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'Some lads were saying it might be the only chance you get to do this'

Ireland’s Under 20s are one game away from winning a grand slam and their title-chasing coach is challenging them to remain focused on the job in hand.

Ireland U20s are one win away from glory.
Ireland U20s are one win away from glory.
Image: Ben Brady/INPHO

RICHIE MURPHY HAS challenged his grand slam chasing Under 20 side to resist the temptation to think of the prize at the end of Sunday’s decider against Scotland, and retain a sense of composure as they prepare for the biggest game of their young careers.

Victories over Wales and Italy at home, and more impressively, France and England away, have pushed Ireland to the brink of a second grand slam in four years at this level.

The likelihood of them sealing the deal are high considering Scotland’s poor form thus far in this competition. And yet Murphy is too long in the tooth to get carried away with thoughts of glory.

While slip-ups happen when young players lose concentration, Murphy also has to consider the fact that for many of these players, this will be as big as it gets. Some may go on to represent Ireland at senior level but the vast majority will not. Deep down, they all know that.

Some lads were saying it might be the only chance you get to do this,” said Murphy, who previously worked in the Leinster and Ireland senior set-ups as a skills coach.

“It’s not something we talk about too often. We try and deal just with the facts, being very clinical in terms of preparation, knowing that if we deliver what we’ve delivered so far it’ll be good enough to get us over the line. We’re trying to not get caught up in the emotion of the thing. It’s all there, all in the background. It’s not something we ignore, but it’s not something we concentrate on.”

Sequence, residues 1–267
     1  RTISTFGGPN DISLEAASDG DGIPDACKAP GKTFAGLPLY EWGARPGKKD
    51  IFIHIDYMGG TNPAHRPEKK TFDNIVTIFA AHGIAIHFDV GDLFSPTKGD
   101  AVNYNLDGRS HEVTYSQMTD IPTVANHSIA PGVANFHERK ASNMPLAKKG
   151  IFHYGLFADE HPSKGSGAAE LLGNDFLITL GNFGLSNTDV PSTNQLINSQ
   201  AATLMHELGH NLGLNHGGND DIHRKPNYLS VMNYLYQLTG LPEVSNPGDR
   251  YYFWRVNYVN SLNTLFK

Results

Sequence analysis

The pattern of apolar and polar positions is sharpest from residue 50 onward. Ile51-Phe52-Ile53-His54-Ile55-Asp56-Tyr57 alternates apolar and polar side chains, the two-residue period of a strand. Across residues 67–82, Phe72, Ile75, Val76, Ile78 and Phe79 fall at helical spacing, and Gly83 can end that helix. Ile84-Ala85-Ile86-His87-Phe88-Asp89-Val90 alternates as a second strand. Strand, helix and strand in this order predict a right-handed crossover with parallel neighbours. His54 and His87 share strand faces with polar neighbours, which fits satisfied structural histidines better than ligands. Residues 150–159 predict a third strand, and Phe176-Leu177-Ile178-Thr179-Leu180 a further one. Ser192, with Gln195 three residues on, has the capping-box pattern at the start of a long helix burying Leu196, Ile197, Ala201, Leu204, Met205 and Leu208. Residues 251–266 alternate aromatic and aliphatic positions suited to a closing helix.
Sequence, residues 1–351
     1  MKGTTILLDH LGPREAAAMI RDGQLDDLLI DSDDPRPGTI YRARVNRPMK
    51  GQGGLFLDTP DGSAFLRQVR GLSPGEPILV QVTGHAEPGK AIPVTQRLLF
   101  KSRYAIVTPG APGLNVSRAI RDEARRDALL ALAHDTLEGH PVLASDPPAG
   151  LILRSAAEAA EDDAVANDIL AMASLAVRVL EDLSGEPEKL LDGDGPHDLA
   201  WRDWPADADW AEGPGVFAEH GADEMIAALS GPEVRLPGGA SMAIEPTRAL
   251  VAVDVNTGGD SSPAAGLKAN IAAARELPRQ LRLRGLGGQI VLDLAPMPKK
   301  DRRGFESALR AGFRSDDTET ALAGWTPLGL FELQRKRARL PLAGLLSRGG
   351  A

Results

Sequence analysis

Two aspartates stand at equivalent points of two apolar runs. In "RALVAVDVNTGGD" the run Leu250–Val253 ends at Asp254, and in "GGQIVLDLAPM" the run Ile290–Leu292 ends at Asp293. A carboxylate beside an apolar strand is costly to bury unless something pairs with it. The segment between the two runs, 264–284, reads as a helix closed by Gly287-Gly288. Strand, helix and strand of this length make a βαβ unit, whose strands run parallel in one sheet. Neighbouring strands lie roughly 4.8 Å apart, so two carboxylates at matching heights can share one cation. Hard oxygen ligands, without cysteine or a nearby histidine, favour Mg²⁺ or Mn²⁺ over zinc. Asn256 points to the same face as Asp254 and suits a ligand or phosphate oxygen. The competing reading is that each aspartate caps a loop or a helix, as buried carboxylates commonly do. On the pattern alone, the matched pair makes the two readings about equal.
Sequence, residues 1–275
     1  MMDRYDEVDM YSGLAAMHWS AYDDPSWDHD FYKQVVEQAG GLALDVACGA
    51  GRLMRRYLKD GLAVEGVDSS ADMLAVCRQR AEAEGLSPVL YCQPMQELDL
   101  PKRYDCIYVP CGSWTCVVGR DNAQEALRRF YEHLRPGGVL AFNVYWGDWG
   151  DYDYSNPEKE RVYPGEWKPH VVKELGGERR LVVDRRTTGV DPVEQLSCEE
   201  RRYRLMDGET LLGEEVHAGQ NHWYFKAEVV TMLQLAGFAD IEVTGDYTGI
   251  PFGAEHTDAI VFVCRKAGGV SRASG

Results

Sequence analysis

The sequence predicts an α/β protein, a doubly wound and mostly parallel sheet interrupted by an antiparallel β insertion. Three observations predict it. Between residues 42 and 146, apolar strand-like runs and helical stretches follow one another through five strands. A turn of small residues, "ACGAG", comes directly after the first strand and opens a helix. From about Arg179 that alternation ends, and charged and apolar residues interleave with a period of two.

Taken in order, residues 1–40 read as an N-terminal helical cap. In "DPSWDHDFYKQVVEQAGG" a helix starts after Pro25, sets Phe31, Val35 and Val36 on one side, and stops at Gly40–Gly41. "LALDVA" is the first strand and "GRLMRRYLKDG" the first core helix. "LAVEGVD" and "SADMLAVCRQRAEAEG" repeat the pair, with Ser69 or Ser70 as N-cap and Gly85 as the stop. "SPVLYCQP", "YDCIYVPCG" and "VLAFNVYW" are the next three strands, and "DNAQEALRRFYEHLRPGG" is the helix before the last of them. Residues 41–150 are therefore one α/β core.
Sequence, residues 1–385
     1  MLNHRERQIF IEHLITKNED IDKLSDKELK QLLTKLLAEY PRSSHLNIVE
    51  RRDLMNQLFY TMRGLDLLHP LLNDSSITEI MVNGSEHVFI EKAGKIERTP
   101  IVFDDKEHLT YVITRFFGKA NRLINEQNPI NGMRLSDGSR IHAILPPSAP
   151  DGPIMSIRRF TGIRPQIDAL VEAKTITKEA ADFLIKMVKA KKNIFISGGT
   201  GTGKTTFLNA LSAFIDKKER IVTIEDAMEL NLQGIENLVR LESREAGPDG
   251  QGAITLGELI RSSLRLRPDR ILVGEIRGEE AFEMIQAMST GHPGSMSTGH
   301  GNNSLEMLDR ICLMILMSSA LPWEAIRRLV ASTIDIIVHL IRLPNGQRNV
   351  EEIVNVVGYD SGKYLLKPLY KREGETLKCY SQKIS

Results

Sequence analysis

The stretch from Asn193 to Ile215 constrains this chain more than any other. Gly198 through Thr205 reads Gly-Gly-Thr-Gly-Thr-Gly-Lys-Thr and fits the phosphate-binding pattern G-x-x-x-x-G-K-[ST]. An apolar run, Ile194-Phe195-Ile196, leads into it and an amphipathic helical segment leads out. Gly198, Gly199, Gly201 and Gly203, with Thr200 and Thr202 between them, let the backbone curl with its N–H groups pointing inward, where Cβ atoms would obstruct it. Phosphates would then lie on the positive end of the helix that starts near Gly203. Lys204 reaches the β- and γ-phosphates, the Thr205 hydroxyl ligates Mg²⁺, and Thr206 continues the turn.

richie-murphy Murphy has steered the team forward. Source: Billy Stickland/INPHO

They have had enough to keep them busy, a schedule that has allowed their momentum to build. Wales was an easy start, France a tortuous follow-up. Even Italy, whipping boys at senior level, was a severe test. Then came England at Saracens’ home patch last Saturday. Ireland trailed 10-0 early on before blowing their more physical opponents away.

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“Going into the first game against Wales, there were a couple of areas of our game we were worried about,” says Murphy, “but over the whole in the past couple of weeks we’ve seen the guys come on really well.

“That was giving us a great start, giving us the confidence to go to France. Everything we talked about in France happened, which was great for the lads because I think they got great confidence in that, from the crowd and all those external factors, and then the game panned out similar to how we imagined it might, getting an opportunity late in the game. They were incredible the way they stuck to it.

“That really kicked them on, and the confidence in the group has grown. They’re driving their own agenda at this stage, we’re reminding them and keeping them on task, going back and trying to drive the things we started with.

“Our first camp was in October, the things we talked about in that very first camp when there were 50-odd players there, we talked about it yesterday in our review. It’s been a consistent message all the way through, and the guys have really bought into that.”

About the author:

Garry Doyle

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